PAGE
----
1. Senate Republicans Reveal Proposal for Next COVID Relief Package – a Nonstarter for Democrats
We end the week with the chasm between Democrats and Republicans looming as the clock ticks toward recess and campaigning, not to mention expiring unemployment benefits, expired eviction prohibitions and schools and higher education struggling with reopening plans. Leader McConnell revealed the HEALS Act – the Senate Republican response to the House Democratic HEROES Act – as the opener for negotiations on the next COVID relief package. A third proposal, CCERA, was put forward by Senate Democrats. A comparison of education spending in the three bills reveals the following:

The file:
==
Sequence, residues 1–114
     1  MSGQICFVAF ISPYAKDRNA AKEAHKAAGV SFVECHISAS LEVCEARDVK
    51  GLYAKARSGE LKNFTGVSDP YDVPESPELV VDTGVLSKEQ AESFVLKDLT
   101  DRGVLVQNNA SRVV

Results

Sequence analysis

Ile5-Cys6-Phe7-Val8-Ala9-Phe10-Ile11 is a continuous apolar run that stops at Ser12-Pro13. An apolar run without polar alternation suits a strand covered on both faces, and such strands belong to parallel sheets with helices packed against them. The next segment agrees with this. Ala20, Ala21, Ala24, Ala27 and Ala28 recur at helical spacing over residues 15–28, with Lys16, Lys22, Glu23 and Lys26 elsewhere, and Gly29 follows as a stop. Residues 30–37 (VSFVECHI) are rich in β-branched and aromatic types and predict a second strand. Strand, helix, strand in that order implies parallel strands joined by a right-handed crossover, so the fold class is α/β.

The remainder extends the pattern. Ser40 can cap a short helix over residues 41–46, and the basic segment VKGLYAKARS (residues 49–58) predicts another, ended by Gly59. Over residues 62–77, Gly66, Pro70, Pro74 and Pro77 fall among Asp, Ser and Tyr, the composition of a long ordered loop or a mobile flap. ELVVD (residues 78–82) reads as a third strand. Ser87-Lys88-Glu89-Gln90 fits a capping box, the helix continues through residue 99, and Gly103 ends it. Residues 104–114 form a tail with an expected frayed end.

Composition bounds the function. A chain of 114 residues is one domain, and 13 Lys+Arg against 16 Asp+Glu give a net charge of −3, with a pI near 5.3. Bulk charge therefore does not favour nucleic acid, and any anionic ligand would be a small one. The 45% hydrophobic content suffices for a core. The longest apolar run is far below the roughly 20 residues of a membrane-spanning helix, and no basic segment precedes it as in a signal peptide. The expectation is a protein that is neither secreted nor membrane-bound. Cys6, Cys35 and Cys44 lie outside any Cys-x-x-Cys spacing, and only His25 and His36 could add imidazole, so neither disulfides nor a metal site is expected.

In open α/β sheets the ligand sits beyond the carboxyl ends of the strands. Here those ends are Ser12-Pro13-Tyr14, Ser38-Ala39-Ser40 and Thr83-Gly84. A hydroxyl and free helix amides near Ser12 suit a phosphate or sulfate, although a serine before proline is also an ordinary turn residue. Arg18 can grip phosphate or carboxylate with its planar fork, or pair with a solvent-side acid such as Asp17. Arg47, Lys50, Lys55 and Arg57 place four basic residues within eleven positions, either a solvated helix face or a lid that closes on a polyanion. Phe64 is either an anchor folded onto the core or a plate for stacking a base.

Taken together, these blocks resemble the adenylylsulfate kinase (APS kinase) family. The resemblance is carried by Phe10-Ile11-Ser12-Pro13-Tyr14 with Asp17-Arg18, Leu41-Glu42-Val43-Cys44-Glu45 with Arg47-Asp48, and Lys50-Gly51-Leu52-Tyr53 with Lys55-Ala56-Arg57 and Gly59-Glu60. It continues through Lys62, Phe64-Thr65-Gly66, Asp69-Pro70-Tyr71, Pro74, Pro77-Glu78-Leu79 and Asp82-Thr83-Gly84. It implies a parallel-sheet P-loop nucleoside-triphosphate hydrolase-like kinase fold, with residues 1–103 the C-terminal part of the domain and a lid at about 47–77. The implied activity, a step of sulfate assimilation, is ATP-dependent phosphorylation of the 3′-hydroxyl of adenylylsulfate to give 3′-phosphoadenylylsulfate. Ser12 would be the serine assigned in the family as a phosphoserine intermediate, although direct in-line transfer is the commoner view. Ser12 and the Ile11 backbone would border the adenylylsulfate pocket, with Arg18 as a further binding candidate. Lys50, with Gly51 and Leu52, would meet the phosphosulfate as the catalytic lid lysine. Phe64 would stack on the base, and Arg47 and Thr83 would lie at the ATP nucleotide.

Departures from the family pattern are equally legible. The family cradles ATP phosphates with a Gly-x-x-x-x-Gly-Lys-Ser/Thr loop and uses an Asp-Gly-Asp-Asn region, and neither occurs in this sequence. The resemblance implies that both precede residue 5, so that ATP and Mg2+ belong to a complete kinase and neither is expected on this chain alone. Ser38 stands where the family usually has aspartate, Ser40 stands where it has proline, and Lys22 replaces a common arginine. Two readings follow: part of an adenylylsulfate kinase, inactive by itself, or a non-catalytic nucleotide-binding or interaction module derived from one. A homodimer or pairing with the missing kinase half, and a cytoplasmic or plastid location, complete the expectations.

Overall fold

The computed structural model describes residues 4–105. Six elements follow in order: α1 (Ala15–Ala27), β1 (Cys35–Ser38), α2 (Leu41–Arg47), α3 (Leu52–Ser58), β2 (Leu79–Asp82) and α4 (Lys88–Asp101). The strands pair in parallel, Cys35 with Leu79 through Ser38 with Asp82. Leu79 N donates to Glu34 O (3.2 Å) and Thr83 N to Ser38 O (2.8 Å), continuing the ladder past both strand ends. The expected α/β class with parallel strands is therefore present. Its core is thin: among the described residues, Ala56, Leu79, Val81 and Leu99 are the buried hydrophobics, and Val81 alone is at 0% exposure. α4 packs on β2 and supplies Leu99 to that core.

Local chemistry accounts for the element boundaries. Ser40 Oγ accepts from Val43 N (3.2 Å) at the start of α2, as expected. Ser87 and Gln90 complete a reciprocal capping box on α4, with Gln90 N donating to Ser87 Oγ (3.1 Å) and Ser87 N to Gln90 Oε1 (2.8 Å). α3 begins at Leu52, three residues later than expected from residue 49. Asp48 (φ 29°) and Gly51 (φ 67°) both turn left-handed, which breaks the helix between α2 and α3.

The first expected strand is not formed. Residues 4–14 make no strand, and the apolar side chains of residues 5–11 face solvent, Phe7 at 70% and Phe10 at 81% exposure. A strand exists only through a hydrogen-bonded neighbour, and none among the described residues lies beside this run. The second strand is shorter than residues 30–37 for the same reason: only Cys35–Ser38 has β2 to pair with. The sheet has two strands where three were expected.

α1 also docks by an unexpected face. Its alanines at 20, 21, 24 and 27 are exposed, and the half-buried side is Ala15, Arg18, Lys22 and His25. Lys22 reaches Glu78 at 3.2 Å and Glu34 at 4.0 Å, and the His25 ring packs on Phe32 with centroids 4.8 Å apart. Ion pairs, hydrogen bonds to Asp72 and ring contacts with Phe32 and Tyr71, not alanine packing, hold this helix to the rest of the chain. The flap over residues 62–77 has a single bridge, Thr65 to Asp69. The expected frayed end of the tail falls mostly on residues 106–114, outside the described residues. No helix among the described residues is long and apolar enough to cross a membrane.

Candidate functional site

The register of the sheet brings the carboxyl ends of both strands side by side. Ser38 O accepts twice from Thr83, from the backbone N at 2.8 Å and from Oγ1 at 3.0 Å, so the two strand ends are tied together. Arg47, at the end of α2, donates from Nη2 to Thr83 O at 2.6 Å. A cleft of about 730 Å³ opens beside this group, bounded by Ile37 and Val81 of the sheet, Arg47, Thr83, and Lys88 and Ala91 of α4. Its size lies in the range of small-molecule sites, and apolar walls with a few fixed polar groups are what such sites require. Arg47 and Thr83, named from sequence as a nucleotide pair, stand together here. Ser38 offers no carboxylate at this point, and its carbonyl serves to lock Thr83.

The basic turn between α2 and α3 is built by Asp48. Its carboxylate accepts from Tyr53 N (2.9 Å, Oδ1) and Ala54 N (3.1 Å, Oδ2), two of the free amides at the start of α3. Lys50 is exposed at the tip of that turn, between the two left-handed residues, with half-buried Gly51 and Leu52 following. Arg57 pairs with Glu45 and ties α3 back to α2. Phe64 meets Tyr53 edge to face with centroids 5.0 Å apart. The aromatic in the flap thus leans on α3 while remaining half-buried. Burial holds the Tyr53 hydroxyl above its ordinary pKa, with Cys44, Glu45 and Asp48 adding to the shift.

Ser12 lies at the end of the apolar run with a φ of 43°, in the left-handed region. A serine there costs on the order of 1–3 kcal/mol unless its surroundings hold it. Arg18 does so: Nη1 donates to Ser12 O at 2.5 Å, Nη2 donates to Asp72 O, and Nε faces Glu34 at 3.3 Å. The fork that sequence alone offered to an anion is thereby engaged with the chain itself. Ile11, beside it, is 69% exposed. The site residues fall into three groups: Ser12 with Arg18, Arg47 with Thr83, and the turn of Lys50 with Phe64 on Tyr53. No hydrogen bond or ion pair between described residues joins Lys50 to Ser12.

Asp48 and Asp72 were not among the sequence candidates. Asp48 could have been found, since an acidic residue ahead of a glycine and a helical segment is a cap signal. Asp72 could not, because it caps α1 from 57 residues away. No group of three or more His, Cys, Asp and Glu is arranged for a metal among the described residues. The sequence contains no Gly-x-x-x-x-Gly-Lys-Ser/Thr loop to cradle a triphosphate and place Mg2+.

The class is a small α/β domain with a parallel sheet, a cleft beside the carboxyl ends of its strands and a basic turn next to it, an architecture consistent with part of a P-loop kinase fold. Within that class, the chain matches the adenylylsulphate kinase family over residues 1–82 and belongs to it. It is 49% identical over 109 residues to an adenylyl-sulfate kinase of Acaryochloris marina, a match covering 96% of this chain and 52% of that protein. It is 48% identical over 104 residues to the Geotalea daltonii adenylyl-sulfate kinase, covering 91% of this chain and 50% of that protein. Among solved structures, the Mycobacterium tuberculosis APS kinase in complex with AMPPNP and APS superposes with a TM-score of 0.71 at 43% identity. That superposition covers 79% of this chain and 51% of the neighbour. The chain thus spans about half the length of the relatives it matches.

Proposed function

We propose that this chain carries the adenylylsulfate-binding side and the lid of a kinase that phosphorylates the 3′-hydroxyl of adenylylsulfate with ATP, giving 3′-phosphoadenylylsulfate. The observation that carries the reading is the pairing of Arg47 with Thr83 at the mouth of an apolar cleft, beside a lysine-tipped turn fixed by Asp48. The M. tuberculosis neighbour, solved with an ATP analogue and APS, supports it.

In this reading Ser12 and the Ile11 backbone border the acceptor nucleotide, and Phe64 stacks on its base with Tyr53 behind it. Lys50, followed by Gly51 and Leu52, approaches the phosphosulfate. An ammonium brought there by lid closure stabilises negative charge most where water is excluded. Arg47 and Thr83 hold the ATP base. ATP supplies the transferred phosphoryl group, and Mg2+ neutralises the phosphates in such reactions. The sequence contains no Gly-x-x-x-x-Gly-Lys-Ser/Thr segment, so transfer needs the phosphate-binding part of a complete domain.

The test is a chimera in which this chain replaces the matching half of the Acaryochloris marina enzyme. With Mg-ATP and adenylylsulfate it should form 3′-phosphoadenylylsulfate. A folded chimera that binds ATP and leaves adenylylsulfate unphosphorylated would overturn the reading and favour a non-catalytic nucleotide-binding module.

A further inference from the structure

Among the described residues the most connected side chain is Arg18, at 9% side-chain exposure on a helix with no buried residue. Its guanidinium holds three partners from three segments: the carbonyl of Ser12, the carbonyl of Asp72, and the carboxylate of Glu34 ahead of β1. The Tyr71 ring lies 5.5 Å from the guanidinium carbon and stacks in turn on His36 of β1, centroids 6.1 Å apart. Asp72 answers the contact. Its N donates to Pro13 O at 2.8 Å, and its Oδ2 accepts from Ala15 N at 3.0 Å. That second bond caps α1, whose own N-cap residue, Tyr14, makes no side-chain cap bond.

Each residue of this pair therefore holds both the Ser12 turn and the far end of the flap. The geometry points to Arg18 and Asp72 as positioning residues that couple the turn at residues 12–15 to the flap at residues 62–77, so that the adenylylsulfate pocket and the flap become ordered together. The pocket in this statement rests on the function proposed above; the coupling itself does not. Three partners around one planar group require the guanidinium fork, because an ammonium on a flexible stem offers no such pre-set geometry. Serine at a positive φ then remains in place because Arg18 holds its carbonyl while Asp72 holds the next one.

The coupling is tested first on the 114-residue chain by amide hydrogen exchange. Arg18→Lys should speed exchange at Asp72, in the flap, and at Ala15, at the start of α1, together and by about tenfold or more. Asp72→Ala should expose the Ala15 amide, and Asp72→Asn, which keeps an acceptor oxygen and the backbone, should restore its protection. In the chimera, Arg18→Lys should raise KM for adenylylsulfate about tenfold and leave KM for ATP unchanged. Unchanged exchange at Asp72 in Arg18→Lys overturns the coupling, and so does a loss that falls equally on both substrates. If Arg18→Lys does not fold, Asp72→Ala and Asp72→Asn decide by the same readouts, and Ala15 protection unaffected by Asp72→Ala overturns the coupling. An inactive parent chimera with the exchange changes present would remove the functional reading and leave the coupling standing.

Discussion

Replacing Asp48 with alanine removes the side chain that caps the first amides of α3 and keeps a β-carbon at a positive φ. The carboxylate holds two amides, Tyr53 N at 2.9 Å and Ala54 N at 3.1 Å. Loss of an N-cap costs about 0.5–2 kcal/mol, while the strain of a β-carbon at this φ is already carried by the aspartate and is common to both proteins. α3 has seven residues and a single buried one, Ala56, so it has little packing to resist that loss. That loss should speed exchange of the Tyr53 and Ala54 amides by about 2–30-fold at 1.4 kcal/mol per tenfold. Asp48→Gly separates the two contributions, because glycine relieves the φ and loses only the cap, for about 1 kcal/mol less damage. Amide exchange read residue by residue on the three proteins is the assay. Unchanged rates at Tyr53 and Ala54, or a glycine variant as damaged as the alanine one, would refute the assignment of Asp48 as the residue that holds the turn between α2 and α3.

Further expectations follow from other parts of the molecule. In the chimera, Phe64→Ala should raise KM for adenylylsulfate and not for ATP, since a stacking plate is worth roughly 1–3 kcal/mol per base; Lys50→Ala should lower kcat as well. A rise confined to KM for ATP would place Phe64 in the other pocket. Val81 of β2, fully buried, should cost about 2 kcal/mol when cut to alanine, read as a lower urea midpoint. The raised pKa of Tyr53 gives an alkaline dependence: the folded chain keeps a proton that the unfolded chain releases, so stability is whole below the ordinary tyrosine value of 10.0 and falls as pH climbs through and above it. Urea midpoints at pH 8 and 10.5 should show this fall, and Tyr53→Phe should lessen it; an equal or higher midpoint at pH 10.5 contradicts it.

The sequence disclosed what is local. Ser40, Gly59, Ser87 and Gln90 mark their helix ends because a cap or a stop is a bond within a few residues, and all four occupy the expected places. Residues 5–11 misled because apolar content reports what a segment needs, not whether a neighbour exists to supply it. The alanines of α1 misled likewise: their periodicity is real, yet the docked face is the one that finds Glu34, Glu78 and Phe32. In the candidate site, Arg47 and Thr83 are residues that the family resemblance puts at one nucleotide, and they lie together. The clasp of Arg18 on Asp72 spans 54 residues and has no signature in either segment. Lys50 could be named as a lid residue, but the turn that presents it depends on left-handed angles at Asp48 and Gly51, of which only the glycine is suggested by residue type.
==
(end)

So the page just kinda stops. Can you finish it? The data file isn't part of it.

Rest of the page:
The HEALS Act includes three education provisions that are non-starters for Democrats. The bill distributes K-12 funding to private as well as public schools; it ties most of the funding to the degree to which schools are open in-person; and it creates a new voucher program, Education Freedom Scholarships. Multiple education groups have weighed in opposing the HEALS Act noting it “misses the mark and falls far short of the needs facing our nation’s schools.” The American Council on Education issued a statement calling the $29 billion for higher education inadequate. The higher education sector has estimated that it will take at least $120 billion to deal with lost revenues and increased costs resulting from the pandemic. Chair of the House Education and Labor Committee Bobby Scott (D-VA) and Ranking Member of the Senate Committee on Health, Education, Labor and Pensions, Sen. Patty Murray (D-WA) issued a statement blasting the HEALS Act.